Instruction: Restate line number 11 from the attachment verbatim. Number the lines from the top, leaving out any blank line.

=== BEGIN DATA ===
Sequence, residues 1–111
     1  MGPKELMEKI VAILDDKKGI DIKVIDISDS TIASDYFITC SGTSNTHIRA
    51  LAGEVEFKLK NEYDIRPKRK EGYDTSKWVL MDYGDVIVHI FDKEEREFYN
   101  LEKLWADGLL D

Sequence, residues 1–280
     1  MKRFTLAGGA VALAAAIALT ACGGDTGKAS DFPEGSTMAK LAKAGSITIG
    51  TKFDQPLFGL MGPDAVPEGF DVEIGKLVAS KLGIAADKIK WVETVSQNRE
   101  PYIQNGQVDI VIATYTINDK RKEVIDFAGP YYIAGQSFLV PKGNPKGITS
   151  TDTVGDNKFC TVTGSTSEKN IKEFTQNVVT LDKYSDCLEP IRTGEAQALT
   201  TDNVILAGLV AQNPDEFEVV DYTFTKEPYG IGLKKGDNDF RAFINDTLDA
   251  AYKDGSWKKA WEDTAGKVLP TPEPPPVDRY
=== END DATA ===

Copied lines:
   251  AYKDGSWKKA WEDTAGKVLP TPEPPPVDRY